5) Insisting that something's terribly wrong

Nothing ruins a relationship like insecurity. Instead of admiring the beautiful, you obssess over microscopic flaws. Instead of enjoying yourself, you wonder what you're missing.

The NHL is not perfect, and never will be. In the year 2050 there will still be diving, obstruction, butterfly goalies, and Chris Chelios (specifically, his preserved brain inside a Terminator body). But at its heart the game of hockey is still a beautiful thing to behold, and it always will be.

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cristobal said...


caught your comments on Yahoo. I'm a bit different in my ideas, but agree with some of yours. Lets find some simple rules for this simple game and stick with them.

I'm a bit more revolutionary i guess. Check mine out. Leave a comment.

I agree that eliminating teams is good. But disagree, i think whittling down the league to 20 -25 teams would be better.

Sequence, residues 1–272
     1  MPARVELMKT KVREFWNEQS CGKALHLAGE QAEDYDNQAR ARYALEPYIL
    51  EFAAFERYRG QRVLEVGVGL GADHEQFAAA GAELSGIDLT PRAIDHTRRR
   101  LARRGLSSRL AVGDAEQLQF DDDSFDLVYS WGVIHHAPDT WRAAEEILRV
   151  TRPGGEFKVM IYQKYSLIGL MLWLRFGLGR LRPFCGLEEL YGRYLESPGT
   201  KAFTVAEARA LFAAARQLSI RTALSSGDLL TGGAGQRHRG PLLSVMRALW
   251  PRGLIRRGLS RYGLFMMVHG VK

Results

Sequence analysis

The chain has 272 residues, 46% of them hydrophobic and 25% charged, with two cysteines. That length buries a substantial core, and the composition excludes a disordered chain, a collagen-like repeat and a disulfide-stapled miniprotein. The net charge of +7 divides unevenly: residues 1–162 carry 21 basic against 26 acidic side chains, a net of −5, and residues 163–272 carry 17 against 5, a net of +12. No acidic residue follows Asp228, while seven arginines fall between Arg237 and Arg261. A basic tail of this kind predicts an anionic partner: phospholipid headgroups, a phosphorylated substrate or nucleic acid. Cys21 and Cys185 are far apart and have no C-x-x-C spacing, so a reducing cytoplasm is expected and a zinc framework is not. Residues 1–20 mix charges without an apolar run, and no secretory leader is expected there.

cristobal said...

Oh yeah, here's my blog address.

Tom said...

I agree with reducing the league to 20-25 teams if done in a system like what you describe on your blog -- essentially a "demotion" for the worst-run teams until they get their act together. Perhaps take the 10 worst teams and have them play for a wildcard playoff spot or something, I dunno.

Anonymous said...

What's wrong with a 3-0 game? Looks like one team got spanked. Or is the only good game one where it's competitive start to finish?

Actually, following with what Tom said, maybe we should contract the Maple Leaves since they only managed 6 shots in an entire game...

Tom said...

For what people pay to watch the Maple Leafs, 6 shots is brutal. That's like a football team getting 6 yards.